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Intersectorality in the governance of inland fisheries

Andrew M Song, ARC Centre of Excellence for Coral Reef Studies, James Cook University, Australia; WorldFish, Solomon Islands
Shannon D Bower, Carleton University, Canada
Paul Onyango, University of Dar es Salaam, Tanzania
Steven J Cooke, Carleton University, Canada
Shehu L Akintola, Lagos State University, Nigeria
Jan Baer, Fisheries Research Station of Baden-Württemberg, Germany
Tek B Gurung, Nepal Agricultural Research Council, Kathmandu, Nepal
Missaka Hettiarachchi, School of Earth and Environmental Sciences, University of Queensland, Australia
Mohammad Mahmudul Islam, Department of Coastal and Marine Fisheries, Sylhet Agricultural University, Bangladesh
Wilson Mhlanga, Bindura University of Science Education, Zimbabwe
Fiona Nunan, International Development Department, University of Birmingham, UK
Pekka Salmi, Natural Resources Institute Finland (Luke), Finland
Vipul Singh, University of Delhi, India
Xavier Tezzo, WorldFish, Myanmar; Wageningen University, The Netherlands
Simon J Funge-Smith, Food and Agriculture Organization of the United Nations, Rome, Italy
Prateep K. Nayak, School of Environment, Enterprise and Development, Environmental Change and Governance Group, Faculty of Environment, University of Waterloo, Canada
Ratana Chuenpagdee, Memorial University of Newfoundland, Canada


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One of the defining characteristics of inland fisheries is that they are closely impacted by other essential human activities that rely on the same fresh or brackish water ecosystems, such as hydroelectricity generation and irrigated agriculture. Starting with the premise that an understanding of fisheries' interactions with these external sectors is in itself critical for achieving sustainability of the fisheries, this paper explores the topic of intersectoral governance and outlines an approach to analyzing the intricate and often challenging sector relationships. By drawing on examples of inland fisheries from around the world, the paper proposes four broad discursive mechanisms that can structure the study of the intersectoral dynamics, i.e., system characterization, valuation, power relations, and vertical policy interaction. A synthesis model then demonstrates their interwoven nature, revealing the way each mechanism influences one another as together they shape overall outcomes. It is apparent that analyses often need to be combined to advance more rigorous (and transdisciplinary) science and also inform appropriate courses for the governance of inland fisheries. Given the typically marginal position of fisheries in inland water-use discussions, we call for a more systematic understanding of intersectoral interactions to enhance the sector's resilience within the wider society and subsequently contribute to integrated governance of waterbodies.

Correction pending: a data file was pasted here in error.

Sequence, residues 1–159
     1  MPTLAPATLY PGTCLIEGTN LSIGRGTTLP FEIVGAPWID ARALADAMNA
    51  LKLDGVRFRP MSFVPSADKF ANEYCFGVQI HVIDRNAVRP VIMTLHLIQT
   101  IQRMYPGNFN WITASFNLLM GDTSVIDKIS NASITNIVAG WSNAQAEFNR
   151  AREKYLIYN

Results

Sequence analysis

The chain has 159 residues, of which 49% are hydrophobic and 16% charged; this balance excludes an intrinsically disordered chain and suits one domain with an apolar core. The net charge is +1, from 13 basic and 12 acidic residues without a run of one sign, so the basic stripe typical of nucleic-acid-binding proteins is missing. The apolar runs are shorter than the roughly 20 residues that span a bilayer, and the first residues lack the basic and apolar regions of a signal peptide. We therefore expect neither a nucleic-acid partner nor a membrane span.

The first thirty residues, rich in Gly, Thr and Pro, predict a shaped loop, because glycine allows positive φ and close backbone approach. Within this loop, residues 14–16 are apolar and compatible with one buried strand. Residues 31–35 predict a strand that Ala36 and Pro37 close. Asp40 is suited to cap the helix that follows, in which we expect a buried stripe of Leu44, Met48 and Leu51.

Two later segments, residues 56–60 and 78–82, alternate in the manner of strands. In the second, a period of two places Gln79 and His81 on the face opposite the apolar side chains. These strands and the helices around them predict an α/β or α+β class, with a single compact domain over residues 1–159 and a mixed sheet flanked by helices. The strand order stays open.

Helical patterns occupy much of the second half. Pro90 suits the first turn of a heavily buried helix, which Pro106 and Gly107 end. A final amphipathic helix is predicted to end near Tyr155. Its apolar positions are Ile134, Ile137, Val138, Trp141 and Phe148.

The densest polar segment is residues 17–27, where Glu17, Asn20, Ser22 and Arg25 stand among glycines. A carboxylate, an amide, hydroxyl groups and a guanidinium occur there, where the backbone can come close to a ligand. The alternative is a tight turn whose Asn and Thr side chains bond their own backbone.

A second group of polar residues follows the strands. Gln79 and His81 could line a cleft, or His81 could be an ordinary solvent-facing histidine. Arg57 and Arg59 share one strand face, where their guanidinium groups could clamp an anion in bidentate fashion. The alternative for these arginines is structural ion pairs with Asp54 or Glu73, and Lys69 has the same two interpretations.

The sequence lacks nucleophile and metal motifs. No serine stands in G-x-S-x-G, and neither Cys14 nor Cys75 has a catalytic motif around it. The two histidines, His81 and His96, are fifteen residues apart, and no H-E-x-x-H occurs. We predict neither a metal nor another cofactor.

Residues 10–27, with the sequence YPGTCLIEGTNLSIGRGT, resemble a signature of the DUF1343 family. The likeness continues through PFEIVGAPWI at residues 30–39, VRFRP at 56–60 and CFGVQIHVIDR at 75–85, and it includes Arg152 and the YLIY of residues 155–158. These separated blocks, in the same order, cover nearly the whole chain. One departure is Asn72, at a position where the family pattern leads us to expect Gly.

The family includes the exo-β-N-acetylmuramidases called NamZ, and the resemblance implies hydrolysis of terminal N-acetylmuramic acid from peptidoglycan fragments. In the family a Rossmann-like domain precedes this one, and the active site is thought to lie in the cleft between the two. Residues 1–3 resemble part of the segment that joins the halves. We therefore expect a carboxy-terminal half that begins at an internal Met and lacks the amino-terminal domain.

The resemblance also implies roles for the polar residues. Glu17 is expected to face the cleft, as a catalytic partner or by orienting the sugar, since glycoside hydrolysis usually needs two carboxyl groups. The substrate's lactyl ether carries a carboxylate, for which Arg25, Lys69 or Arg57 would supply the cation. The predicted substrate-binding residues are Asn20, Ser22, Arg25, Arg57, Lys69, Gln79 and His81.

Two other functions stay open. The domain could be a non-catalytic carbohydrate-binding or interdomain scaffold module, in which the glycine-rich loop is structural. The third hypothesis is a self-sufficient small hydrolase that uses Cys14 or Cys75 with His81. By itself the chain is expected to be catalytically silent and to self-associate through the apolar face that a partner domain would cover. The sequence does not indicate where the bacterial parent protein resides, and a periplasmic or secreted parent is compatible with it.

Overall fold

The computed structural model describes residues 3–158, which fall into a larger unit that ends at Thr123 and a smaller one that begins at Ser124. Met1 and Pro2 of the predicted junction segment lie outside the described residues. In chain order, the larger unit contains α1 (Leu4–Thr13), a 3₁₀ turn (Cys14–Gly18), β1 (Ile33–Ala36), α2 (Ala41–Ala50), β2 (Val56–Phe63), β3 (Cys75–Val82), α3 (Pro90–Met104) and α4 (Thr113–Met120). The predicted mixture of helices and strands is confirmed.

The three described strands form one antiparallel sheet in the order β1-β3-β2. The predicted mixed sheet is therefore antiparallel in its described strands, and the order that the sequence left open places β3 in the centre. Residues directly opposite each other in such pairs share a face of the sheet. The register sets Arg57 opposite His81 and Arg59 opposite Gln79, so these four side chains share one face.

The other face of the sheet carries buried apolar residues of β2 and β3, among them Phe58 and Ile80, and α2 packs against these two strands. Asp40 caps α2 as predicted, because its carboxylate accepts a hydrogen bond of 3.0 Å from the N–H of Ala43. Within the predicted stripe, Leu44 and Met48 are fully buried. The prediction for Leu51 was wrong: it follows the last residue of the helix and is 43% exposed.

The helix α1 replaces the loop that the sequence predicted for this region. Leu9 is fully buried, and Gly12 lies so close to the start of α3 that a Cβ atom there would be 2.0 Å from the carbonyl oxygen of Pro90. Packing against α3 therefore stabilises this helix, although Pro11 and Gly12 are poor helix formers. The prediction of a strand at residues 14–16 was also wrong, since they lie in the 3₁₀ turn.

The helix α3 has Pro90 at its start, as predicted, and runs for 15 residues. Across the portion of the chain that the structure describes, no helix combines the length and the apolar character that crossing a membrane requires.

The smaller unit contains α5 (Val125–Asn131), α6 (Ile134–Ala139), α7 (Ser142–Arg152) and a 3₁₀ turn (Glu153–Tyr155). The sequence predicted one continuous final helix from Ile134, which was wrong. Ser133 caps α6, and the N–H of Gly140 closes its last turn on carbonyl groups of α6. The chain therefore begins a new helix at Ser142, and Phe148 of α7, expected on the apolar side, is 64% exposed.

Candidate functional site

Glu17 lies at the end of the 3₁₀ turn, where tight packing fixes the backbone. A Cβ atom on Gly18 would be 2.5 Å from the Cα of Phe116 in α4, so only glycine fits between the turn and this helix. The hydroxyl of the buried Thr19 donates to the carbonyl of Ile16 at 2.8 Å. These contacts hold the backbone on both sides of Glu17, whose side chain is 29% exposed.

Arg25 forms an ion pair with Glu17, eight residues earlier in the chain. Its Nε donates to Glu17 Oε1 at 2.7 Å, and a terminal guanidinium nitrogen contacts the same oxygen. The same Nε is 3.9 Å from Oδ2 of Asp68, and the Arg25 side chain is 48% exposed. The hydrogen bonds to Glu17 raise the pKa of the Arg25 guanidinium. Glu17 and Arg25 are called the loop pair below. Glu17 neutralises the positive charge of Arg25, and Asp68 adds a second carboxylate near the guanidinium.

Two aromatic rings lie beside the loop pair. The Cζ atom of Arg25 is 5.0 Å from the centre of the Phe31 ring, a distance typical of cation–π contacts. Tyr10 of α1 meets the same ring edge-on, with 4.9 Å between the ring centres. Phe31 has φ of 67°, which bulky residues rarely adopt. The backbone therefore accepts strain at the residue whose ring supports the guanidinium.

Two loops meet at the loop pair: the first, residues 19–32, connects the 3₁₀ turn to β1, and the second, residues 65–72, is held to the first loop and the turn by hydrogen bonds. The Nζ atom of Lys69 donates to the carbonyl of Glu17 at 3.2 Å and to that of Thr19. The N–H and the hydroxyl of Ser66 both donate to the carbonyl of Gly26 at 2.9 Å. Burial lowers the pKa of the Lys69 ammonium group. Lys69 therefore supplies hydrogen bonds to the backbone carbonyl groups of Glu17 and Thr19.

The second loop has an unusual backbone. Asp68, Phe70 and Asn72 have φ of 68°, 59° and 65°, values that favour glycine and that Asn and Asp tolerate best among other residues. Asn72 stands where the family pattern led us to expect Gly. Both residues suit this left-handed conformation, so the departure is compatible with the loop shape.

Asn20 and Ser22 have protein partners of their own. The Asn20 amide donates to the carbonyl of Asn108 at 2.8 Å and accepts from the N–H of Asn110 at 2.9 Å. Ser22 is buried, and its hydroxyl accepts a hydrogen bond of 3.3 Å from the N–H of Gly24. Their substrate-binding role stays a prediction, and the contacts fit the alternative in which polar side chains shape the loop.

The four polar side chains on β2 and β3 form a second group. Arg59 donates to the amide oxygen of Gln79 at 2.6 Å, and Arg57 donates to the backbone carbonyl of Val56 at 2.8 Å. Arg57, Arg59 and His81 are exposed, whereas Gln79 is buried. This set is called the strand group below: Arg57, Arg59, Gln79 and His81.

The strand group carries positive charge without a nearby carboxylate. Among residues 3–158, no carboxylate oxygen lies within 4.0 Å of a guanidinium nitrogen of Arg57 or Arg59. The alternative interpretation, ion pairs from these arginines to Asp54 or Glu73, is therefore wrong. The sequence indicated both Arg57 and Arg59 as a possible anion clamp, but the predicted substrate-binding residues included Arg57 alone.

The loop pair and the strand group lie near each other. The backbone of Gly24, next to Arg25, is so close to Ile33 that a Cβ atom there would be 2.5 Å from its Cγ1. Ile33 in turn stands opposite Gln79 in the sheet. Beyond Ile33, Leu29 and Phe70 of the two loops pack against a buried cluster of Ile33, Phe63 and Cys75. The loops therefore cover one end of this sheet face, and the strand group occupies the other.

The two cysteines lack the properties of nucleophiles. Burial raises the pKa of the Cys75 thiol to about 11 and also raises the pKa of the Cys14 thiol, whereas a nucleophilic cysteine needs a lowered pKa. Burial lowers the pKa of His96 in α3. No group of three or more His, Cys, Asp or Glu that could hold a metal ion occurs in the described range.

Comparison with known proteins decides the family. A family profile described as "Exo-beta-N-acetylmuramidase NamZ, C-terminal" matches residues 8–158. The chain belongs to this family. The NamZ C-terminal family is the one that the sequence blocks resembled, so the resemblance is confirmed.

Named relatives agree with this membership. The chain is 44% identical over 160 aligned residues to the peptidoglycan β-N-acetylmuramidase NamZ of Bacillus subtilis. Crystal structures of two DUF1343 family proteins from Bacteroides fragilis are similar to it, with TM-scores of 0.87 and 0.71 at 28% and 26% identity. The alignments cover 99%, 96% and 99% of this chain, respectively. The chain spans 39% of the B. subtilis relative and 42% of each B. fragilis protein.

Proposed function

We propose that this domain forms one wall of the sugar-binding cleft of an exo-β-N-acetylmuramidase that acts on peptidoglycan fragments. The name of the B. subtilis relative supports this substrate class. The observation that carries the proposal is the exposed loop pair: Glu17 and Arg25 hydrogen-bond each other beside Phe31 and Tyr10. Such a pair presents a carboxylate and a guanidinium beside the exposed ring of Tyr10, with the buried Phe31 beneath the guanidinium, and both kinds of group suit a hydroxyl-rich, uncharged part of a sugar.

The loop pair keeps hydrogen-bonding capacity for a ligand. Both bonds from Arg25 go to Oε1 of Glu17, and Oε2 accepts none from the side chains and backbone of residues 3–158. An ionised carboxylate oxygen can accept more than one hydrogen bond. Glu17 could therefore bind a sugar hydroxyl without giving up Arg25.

Key words

cross-sectoral relationships; inland fisheries; integrative environmental governance; valuation; water-energy-food nexus

Copyright © 2018 by the author(s). Published here under license by The Resilience Alliance. This article is under a Creative Commons Attribution 4.0 International License. You may share and adapt the work provided the original author and source are credited, you indicate whether any changes were made, and you include a link to the license.

Ecology and Society. ISSN: 1708-3087